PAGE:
# Biconditional Operator

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Previous lesson: Conditional Operator

## Contents

## Your Last Operator!

The **biconditional operator** looks like this: [math]\leftrightarrow[/math]

It is a diadic operator. You'll learn about what it does in the next section.

## Compound Propositions and Logical Equivalence

Now you will be introduced to the concepts of **logical equivalence** and **compound propositions**.

**Compound propositions**involve the assembly of multiple statements, using multiple operators.**Logical equivalence**means that the truth tables of two statements are the same.

The biconditional operator is sometimes called the "if and only if" operator. [math]p \leftrightarrow q[/math] = TRUE means that the truth values of p and q are the same. "You will see the notes for this class if and only if someone shows them to you" is an example of a biconditional statement.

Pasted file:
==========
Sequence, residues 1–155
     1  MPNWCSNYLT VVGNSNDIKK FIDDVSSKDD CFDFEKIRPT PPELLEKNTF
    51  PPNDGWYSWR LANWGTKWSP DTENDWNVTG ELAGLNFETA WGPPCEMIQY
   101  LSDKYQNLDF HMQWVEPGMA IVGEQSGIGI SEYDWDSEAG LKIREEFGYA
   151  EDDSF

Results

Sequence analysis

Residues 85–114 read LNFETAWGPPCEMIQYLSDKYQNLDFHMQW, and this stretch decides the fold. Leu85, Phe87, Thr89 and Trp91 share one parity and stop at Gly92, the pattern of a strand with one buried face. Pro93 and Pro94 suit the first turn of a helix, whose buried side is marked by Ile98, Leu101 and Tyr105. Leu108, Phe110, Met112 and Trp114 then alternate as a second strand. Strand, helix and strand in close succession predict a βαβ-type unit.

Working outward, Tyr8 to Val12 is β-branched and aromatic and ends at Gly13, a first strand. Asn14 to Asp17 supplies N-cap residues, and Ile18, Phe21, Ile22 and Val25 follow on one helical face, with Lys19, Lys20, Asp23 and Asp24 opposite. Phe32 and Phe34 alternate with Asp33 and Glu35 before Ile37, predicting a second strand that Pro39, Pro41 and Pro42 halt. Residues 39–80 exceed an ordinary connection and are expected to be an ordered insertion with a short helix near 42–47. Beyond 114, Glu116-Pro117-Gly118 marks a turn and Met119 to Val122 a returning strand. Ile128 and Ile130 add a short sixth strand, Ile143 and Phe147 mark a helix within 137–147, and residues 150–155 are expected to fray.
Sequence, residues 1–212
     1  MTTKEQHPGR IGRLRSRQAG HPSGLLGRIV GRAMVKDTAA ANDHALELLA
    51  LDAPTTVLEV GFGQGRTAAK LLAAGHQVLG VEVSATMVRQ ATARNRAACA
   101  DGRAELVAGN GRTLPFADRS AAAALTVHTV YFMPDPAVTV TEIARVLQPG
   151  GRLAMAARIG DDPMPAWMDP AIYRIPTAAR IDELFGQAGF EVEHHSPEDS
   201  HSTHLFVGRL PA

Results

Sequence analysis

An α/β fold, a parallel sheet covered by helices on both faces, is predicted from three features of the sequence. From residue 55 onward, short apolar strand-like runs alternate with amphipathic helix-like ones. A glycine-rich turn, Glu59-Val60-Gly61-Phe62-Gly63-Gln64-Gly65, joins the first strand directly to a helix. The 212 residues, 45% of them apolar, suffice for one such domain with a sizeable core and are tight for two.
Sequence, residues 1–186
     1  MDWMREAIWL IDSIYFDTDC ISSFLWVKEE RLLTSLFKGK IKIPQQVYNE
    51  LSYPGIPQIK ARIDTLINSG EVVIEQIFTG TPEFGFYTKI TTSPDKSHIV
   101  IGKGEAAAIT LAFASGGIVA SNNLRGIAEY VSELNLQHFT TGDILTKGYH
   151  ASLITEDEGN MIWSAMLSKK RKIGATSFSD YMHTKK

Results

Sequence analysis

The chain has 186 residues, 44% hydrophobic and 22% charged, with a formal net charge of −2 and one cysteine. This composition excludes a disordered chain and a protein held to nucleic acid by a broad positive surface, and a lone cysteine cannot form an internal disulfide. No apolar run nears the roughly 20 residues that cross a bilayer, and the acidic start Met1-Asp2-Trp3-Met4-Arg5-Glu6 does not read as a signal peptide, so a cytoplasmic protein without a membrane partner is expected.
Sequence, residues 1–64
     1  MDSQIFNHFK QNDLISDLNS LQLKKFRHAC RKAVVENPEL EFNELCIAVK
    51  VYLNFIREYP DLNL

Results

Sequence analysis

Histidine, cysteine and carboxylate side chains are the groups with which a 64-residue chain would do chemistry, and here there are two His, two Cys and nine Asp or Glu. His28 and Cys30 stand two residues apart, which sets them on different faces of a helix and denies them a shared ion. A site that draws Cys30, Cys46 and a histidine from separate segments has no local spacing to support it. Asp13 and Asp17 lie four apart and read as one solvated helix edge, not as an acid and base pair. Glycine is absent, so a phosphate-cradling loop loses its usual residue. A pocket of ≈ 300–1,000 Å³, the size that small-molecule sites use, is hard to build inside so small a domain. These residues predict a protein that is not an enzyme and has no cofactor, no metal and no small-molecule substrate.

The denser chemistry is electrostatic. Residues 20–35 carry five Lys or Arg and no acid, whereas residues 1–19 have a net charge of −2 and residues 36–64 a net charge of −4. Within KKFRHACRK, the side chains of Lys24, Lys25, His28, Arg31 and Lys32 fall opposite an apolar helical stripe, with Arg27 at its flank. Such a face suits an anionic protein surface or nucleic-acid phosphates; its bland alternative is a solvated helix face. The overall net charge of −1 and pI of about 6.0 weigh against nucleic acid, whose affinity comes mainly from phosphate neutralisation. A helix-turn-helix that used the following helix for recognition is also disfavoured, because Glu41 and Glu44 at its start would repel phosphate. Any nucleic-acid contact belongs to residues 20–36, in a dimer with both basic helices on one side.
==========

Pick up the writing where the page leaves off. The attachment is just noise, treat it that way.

- If someone shows you the notes and you see them, the statement is true.
- If someone shows you the notes and you do not see them, the biconditional statement is violated. Therefore, a value of "false" is returned.
- If no one shows you the notes and you see them, the biconditional statement is violated. Therefore, a value of "false" is returned.
- If no one shows you the notes and you do not see them, a value of true is returned.

- The biconditional statement [math]p \leftrightarrow q[/math] is logically equivalent to [math]\neg(p \oplus q)[/math]!

## Truth Table for the Biconditional

[math]p \,\![/math] | [math]q \,\![/math] | [math]p \leftrightarrow q[/math] |
---|---|---|

T | T | T |

T | F | F |

F | T | F |

F | F | T |

## Next Lesson

The next lesson is called Compound Propositions and Useful Rules.